Title of Abstract

Consent Attitudes, Aggression, & Gender on Perceptions of Sexual Assault

Poster Number

01b

Faculty Mentor

One WU mentor: Merry Sleigh, Ph.D.; sleighm@winthrop.edu

College

College of Arts and Sciences

Department

Psychology

Faculty Mentor

Merry Sleigh, Ph.D.

Abstract

Perceptions of sexual assault are heavily dependent on commonly held, but often false, beliefs. For example, most adults believe incautious behavior makes a victim more responsible for assault. We hypothesized that gender, aggression levels, consent attitudes, and empathy levels would be significant predictors of how individuals perceive sexual assault scenarios. Participants were 82 adults with a mean age of 20.46 (SD = 2.66). The majority were women (72%) and Caucasian (54%). Participants were randomly assigned to read a scenario where a young adult was sexually assaulted by two offenders. The gender of the victim and the offenders were altered across the four versions to be male/males, male/females, female/males, and female/females. Participants provided their perceptions of the assault, their views of consent, empathy levels, and aggression levels. Results revealed that adults adhered to rape myth beliefs by evaluating accused men more harshly than accused women. Adults who felt negatively about sexual consent were more likely to blame the victim, and aggressive individuals experienced more of this negativity. Women were more sympathetic toward all victims than were men, and also felt more in control over sexual consent. Compared to Caucasians, African American adults appeared to be concerned about false blame and reported that it is too easy to unfairly accuse someone of sexual assault in our society. These perceptions may reflect African Americans’ personal feelings of societal vulnerability. Our findings suggest that perceptions of sexual assault may reflect the perceiver as much as the situation being perceived.

Additional Fields About Your Abstract

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Course Assignment

PSYC 302 - Sleigh

Other Presentations/Performances

Southeastern Psychological Association, Virtual, March 2021

Start Date

16-4-2021 11:30 AM

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Apr 16th, 11:30 AM

Consent Attitudes, Aggression, & Gender on Perceptions of Sexual Assault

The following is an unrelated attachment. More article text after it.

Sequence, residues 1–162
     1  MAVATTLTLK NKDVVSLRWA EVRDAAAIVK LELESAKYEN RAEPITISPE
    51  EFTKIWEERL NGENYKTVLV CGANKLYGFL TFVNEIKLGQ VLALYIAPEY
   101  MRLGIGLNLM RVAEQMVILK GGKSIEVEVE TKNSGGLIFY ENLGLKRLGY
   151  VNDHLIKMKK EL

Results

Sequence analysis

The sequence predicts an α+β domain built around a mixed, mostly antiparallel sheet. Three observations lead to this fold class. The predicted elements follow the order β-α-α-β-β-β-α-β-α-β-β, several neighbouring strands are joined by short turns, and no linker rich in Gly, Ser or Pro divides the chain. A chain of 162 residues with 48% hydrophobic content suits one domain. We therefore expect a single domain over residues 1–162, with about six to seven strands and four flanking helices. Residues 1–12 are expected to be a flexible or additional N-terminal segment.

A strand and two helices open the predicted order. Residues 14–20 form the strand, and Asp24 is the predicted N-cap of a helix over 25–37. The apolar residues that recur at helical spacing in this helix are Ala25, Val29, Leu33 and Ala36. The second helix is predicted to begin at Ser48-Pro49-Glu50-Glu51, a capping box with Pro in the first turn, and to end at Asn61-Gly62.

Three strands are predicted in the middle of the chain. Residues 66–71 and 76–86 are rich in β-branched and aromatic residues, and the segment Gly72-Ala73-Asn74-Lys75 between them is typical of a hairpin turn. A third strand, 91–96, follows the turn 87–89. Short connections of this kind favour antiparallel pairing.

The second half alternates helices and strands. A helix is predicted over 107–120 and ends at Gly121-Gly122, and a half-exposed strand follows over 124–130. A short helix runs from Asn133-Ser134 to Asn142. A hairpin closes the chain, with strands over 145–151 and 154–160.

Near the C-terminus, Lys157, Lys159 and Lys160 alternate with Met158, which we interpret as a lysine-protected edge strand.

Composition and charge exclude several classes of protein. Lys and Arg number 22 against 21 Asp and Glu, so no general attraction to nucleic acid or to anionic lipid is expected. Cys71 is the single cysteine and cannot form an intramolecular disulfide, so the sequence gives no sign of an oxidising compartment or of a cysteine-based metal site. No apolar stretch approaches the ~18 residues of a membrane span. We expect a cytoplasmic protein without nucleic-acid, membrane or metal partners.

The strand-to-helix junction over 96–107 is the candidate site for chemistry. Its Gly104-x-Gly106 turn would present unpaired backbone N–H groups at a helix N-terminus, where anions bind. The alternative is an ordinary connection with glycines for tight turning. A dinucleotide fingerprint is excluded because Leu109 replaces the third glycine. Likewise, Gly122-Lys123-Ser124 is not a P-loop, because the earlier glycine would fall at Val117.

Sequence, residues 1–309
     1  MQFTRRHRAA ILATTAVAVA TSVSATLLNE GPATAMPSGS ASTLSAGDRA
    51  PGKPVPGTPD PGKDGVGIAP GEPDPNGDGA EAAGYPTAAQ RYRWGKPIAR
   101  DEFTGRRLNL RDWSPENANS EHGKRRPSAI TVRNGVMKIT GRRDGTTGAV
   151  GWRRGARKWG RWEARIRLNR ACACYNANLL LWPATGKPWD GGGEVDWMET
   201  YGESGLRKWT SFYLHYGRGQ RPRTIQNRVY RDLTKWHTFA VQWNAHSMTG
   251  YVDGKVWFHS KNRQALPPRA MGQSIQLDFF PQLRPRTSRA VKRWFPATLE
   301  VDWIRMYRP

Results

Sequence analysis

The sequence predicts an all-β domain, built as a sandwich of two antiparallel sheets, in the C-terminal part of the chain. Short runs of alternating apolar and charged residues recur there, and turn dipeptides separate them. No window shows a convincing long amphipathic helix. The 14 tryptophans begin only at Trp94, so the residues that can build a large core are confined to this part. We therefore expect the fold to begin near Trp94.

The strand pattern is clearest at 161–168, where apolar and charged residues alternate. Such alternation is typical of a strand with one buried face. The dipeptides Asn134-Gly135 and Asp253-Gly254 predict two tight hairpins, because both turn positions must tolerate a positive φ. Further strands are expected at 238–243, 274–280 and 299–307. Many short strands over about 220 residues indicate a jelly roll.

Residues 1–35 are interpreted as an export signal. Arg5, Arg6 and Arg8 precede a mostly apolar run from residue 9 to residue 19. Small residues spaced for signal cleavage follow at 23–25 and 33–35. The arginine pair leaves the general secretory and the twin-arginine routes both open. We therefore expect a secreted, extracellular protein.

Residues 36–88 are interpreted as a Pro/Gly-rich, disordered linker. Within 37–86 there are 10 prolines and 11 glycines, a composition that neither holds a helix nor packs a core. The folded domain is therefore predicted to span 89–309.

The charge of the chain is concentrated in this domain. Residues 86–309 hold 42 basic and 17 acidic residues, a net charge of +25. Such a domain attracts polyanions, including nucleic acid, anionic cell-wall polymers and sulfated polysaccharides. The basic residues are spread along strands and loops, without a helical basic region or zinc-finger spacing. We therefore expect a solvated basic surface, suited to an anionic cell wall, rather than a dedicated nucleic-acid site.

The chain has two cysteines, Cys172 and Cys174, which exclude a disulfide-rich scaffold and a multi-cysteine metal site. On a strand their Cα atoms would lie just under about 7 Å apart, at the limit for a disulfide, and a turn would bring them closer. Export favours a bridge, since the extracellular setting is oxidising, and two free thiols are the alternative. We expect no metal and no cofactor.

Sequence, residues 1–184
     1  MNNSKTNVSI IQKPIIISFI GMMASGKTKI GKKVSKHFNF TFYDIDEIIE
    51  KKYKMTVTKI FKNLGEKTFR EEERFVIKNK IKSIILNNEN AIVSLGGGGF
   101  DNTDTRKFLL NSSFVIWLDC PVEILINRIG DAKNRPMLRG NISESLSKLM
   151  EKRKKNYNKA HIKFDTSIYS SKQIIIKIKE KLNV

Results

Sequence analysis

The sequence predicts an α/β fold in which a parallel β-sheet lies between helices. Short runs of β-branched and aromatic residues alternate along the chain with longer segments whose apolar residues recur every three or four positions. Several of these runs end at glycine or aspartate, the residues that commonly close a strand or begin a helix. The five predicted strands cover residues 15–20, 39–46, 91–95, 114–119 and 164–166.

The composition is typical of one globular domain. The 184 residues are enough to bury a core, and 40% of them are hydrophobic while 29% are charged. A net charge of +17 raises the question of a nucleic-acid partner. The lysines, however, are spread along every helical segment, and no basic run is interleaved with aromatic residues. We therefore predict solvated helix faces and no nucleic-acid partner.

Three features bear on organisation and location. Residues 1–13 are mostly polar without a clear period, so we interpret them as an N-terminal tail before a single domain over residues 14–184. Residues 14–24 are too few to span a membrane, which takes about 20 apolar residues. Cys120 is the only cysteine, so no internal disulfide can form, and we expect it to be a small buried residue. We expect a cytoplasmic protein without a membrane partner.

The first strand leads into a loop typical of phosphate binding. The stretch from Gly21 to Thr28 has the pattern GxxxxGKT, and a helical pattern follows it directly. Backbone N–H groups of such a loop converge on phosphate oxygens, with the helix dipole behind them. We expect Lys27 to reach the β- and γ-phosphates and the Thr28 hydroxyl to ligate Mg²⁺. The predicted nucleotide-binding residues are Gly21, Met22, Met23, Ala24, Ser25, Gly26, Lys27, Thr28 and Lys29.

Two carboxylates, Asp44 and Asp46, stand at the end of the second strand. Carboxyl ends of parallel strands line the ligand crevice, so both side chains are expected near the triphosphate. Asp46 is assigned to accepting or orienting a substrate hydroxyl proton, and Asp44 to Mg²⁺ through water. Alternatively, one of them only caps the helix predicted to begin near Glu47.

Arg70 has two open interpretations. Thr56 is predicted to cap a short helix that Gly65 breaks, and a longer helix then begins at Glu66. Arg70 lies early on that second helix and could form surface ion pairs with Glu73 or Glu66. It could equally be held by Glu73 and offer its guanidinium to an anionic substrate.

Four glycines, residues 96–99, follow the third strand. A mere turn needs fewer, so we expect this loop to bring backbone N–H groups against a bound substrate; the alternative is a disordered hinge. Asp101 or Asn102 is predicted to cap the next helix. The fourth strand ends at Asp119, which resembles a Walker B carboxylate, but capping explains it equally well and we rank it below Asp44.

Perceptions of sexual assault are heavily dependent on commonly held, but often false, beliefs. For example, most adults believe incautious behavior makes a victim more responsible for assault. We hypothesized that gender, aggression levels, consent attitudes, and empathy levels would be significant predictors of how individuals perceive sexual assault scenarios. Participants were 82 adults with a mean age of 20.46 (SD = 2.66). The majority were women (72%) and Caucasian (54%). Participants were randomly assigned to read a scenario where a young adult was sexually assaulted by two offenders. The gender of the victim and the offenders were altered across the four versions to be male/males, male/females, female/males, and female/females. Participants provided their perceptions of the assault, their views of consent, empathy levels, and aggression levels. Results revealed that adults adhered to rape myth beliefs by evaluating accused men more harshly than accused women. Adults who felt negatively about sexual consent were more likely to blame the victim, and aggressive individuals experienced more of this negativity. Women were more sympathetic toward all victims than were men, and also felt more in control over sexual consent. Compared to Caucasians, African American adults appeared to be concerned about false blame and reported that it is too easy to unfairly accuse someone of sexual assault in our society. These perceptions may reflect African Americans’ personal feelings of societal vulnerability. Our findings suggest that perceptions of sexual assault may reflect the perceiver as much as the situation being perceived.